The new CentOS 6 OpenVZ kernel has a new memory management model, which supersedes User beancounters. It is called VSwap.
When the Guaranteed Ram limit is reached, memory pages belonging to the container are pushed out to so called virtual swap (vswap). The difference between normal swap and vswap is that with vswap no actual disk I/O usually occurs. Instead, a container is artificially slowed down, to emulate the effect of the real swapping. Actual swap out occurs only if there is a global memory shortage on the system.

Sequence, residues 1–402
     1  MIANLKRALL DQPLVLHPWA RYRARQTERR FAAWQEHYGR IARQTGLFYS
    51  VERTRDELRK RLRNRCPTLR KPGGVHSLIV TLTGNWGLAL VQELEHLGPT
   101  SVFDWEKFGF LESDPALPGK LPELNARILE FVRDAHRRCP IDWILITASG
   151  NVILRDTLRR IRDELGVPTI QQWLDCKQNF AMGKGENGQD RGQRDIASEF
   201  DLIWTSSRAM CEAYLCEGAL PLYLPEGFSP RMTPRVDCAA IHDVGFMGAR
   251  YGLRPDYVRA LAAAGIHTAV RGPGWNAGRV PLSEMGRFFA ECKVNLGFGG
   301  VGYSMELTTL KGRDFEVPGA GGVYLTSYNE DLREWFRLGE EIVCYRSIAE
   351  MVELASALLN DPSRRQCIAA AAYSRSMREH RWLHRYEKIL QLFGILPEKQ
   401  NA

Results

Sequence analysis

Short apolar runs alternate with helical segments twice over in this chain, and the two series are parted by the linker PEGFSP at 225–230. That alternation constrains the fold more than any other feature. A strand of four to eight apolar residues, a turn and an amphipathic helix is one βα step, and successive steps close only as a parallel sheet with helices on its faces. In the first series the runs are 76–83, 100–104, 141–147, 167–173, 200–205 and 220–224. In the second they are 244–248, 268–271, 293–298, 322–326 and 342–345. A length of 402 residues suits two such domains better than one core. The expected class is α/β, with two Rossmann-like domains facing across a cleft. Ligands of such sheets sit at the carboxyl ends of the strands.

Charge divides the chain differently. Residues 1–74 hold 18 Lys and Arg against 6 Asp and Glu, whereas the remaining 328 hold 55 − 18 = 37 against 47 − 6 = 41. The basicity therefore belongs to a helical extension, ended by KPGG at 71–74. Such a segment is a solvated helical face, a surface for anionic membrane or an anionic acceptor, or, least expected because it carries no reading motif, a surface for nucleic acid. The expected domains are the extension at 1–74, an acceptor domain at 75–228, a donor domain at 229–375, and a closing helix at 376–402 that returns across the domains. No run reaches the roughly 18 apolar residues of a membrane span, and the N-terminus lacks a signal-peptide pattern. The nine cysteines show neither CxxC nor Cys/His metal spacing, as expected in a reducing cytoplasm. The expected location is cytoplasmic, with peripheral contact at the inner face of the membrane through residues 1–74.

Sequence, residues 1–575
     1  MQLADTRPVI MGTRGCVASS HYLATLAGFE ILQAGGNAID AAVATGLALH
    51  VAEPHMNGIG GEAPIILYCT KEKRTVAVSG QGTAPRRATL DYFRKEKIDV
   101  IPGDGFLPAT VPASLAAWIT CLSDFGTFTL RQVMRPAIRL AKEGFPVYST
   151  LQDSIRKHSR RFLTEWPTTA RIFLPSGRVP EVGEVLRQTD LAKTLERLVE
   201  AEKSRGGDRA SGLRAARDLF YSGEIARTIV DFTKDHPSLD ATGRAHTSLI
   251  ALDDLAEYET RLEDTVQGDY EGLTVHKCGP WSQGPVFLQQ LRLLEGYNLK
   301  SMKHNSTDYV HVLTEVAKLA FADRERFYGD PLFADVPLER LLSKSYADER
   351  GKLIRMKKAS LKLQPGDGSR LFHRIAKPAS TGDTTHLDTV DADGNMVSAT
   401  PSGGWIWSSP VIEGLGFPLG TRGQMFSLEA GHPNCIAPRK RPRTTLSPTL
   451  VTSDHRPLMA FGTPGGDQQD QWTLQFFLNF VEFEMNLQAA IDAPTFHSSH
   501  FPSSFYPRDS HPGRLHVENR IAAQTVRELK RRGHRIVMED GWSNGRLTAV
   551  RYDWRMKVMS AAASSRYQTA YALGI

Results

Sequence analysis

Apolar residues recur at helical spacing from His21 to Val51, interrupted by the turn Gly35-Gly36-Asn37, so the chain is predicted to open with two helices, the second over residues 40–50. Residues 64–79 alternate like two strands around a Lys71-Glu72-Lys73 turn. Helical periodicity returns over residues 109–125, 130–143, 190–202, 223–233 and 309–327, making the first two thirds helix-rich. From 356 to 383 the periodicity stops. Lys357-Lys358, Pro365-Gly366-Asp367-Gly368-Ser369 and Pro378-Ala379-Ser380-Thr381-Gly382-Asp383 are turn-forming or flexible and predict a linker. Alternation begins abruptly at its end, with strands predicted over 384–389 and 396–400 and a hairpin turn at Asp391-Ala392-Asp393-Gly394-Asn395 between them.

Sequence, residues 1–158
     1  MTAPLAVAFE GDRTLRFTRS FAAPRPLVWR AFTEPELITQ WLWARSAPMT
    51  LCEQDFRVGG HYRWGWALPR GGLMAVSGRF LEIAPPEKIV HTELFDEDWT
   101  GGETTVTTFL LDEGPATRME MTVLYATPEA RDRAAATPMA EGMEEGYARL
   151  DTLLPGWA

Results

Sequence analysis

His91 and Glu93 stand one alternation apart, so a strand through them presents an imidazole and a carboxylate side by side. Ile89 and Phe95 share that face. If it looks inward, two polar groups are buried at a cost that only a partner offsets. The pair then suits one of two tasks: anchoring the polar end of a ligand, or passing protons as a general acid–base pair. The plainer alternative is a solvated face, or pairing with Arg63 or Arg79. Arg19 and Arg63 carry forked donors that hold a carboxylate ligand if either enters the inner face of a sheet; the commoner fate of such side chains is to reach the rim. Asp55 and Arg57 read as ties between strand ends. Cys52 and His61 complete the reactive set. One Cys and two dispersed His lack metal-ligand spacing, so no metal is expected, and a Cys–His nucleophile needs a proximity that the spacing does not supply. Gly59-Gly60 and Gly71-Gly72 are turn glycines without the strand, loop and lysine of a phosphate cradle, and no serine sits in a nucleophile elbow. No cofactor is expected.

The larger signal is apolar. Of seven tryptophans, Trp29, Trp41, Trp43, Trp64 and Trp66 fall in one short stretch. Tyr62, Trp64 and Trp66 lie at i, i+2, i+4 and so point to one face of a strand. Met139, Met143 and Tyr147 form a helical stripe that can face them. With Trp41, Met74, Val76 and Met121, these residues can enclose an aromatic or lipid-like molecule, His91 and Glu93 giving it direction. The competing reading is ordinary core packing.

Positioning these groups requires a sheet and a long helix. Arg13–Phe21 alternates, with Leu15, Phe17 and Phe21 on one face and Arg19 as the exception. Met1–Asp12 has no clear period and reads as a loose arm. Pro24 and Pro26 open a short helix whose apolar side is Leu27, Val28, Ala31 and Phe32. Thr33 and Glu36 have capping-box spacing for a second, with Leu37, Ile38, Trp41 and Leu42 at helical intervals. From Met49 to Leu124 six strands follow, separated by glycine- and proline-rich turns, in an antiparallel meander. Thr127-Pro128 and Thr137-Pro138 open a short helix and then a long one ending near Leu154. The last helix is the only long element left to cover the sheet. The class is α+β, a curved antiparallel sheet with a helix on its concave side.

When Should I Enable VSwap?
You SHOULD enable VSwap if your host operating system is CentOS 6 or uses the 2.6.32 kernel. VSwap has been designed to replace User beancounters and is built into the CentOS 6 kernel.
When Should I NOT Enable VSwap?
Do NOT enable VSwap if you are using CentOS 5 as your host operating system. The 2.6.18 kernel does not support VSwap and probably never will.
How is VSwap Calculated?
VSwap is calculated from the amount of burst memory you add to a virtual server. For example, if you specify 512MB Ram and 1024MB Burst the VSwap would be 512MB (1024MB - 512MB = 512MB).